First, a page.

“No such thing,” said Dootsy.  “I was just going out riding to see how my dear subjects are coming along. Come, Joe the Crab, sit here in the conch shell carriage by me.”

Joe advanced timidly to the carriage. Awkwardly he tucked his claws under him, so as not to take up too much room.

“Dootsy Dorf,” began Joe,  looking up at the fair mermaid, “I have come to see you on behalf of my best friend, Willie the Octopus.”

“Willie the Octopus? I have never seen him. Is he one of my subjects?” asked the princess.

“He hides from you, fair Dootsy Dorf,” said Joe.

“Hides from me!” The princess was puzzled. “But why? Has he done something bad?”

“Sweet mermaid, he loves you, ugly octopus that he is. But he is so shy and timid  and becomes too embarrassed when you are near. So he runs and hides when you come close and then sits in his cavern and cries and cries.”

Princess Dootsy Dorf clasped both hands to her breast and cried, “Oh! Oh! Poor Willie the Octopus!” And then she began to cry salt tears into the salt sea.

So and Go looked around unhappily at the weeping princess. They moved on at a slower pace.

“His cavern is over there,” Joe motioned to a nearby patch of darkness.

“Oh! Do stop, So and Go! Stop here by the lonely cave of Willie the Octopus,” cried Dootsy Dorf.”

“I’ll tell him you’re coming, princess,” said Joe the Crab, starting out of the conch carriage.

“No, Joe,” smiled Dootsy Dorf. “I’ll surprise him. I have a plan in mind,” and she gracefully stepped from the royal carriage. Slowly, she made her way for the dark recess.  Pitiful, heart-rending sobs came from within. Dootsy felt like crying herself, and was sorry she had unknowingly caused so much heartache.

The cavern was very black. It was so black, in fact, that even the lovely mermaid, who was used to seeing  well in darkened waters, could not see her hand before her face.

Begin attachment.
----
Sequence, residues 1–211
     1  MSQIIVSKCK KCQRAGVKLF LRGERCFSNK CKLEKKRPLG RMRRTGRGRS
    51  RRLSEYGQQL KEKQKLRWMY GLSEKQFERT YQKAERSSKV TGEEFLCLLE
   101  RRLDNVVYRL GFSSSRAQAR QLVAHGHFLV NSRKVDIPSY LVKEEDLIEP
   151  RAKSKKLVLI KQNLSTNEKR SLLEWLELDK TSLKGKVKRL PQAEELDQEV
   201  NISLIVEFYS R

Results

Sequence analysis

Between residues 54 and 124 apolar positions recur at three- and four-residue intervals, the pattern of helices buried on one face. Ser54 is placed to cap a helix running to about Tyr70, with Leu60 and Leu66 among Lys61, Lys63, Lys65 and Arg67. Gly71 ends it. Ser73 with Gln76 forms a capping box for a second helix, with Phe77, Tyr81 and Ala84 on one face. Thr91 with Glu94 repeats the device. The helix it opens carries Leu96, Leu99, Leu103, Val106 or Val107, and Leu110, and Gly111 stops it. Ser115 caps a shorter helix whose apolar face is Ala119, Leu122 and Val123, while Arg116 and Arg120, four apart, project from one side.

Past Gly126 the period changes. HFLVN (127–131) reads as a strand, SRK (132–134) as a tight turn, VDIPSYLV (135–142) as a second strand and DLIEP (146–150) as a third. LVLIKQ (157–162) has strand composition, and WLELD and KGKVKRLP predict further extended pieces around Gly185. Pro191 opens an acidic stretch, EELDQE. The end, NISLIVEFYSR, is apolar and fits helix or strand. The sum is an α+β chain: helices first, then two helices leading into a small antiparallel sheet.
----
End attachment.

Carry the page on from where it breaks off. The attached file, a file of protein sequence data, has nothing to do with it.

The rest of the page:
“Willie the Octopus! Good friend Willie the Octopus!” called Dootsy Dorf.

The sobs ceased at once.

A red glow could be seen in a corner of the cavern. Willie was blushing.

“It’s Dootsy Dorf, your princess,” Dootsy said gently. “And I’ve come to you for help. I just don’t know where else to turn.”

At this, Willie stood on the tips of his arms, at strict attention. “You need my help, fair Dootsy Dorf?” asked Willie the Octopus. “I am honored.”

“Oh yes, Willie. You don’t know how much you could help me. You see, strangers to Oceanvale, not suspecting a castle, often bump into my palace if they’re large, and if they’re small often swim right in through a window. Your job would be to stay near the castle and direct traffic with your many wonderful arms!”

“A royal traffic cop,” sighed Willie, “and all for you! Oh Princess Dootsy Dorf! What fun! May I start right now?” Willie danced around his cave. “Oh Fish! Oh Fish!” he cried happily, (instead of crying “oh boy! oh boy!”, like we do.)

Soon Dootsy Dorf and Willie the Octopus emerged from the cave. There, in the outside light, Dootsy saw Willie for the first time.  “Why,” she said laughing, “I have a very handsome new traffic cop! So and Go and Joe, meet my handsome new traffic director, William the Octopus!”

And the three, looking on in surprise, saw that Willie no longer blushed. He was standing straight up, his long arms held rigid with pride,

“So, go

Go and So!

Go, So!


So go!

So go!

Go so fast!”

And with that flying command, the conch shell chariot took off in a flurry, directed by happy William the Royal Traffic Cop. Joe the Crab, the real hero of the story, gave a snappy salute to his old friend.